Digital Equity

We build awareness of and work to close the digital divide by advocating for paradigm-shifting policies and convening cross-sectoral leaders to increase investments into innovative solutions.


For the creation and passage of legislation on digital inclusion


A digital inclusion-focused coalition of philanthropic stakeholders


Programs that surface innovative connectivity technologies


Best-in-field initiatives working to eliminate the digital divide

Our Work

Digital Equity Pooled Fund

Housed at the Michelson 20MM Foundation, the Digital Equity Pooled Fund is a collaboration between multiple funders who are focused on advancing digital equity in California

Michelson 20MM Joins California Department of Education to Identify Solutions to Close the Digital Divide

Digital Equity in Tribal Communities

A new multi-year effort to address digital inequity in indigenous communities, the Digital Equity in Tribal Communities Project aims to empower tribal nations with the knowledge, tools, and means necessary to access the internet and the opportunities it provides.

individuals sitting around learning about how to make broadband

What is the Impact of Artificial Intelligence on Digital Equity

Artificial Intelligence (AI) advancements have begun to transform social interaction and business operations. Such rapid transformations beg the question: How do these innovations affect the existing digital inequities that separate those with access to the technology from those without? How do we bridge that divide? On October 24th, we explored the impact of AI with experts in AI social work research, workforce development, and digital equity community advocacy.

What Is the Impact of Artificial Intelligence on Digital Equity?

Race and Digital Inequity: The Impact on Poor Communities of Color

Digital inequity continues to perpetuate intergenerational poverty among poor communities of color by disenfranchising them, limiting their access to health care and education, and stifling economic opportunity and growth. Black and Latino students are 30% to 40% more likely to have limited access to the internet, while 68% of Americans living on rural tribal lands don’t have access to broadband. On September 23rd, our program featured extraordinary digital equity leaders who explored the intersectionality of the digital divide and the racism entrenched in this issue.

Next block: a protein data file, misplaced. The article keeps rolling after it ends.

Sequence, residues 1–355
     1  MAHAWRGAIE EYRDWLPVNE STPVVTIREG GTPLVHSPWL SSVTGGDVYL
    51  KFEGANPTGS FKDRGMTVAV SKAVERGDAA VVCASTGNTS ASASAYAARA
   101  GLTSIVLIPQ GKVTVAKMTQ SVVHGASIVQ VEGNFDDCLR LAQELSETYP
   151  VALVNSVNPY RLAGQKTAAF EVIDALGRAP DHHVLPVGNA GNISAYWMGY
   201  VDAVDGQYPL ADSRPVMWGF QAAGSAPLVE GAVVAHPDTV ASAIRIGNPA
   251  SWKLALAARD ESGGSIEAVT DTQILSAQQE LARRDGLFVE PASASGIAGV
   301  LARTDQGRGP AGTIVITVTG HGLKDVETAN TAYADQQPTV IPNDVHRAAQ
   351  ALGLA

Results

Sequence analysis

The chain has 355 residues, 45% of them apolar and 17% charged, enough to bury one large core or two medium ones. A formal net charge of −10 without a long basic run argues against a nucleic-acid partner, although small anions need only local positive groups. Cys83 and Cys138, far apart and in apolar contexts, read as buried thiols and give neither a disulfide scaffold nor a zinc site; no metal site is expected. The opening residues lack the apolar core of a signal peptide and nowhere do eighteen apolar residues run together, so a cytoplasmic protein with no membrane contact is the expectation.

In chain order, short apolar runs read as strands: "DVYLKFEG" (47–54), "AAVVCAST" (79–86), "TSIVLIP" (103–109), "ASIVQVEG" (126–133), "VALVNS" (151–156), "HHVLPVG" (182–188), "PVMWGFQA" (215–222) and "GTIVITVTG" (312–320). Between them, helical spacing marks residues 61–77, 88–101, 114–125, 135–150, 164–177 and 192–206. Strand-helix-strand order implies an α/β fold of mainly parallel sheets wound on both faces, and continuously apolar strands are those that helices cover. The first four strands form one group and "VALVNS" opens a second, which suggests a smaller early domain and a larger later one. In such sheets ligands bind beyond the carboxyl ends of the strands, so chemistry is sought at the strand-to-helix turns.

Digital Divide: Yesterday, Today, and Tomorrow

This program focused on building a foundation for in-depth understanding of national, state and local contexts and precedents in digital (in)equity, and introducing attendees to ongoing initiatives combatting the COVID-19 crisis and its effects on our country and society.

Philanthropy Post-COVID: Where Do We Go From Here?

This program spotlighted philanthropic leaders and the digital equity investments they’ve made pre- and post-pandemic. Grantmakers, public-private liaisons, and venture investors shared best practices, lessons learned, and ways to build back better beyond COVID-19. 

Stronger Together: The Role of Cross-Sector Partnerships in Digital Equity

Subject matter experts focused on deepening our understanding of how effective public-private partnerships can be designed and implemented, specifically at the local and regional levels. They shared both case studies and proven solutions.

Build Back Better: Digital Equity in the Biden-Harris Administration

Following President Biden’s pledge to make digital equity a cornerstone of his administration, the panel shared insights on the government’s approach to technology policy, and how the Biden-Harris administration can lead transformative economic development.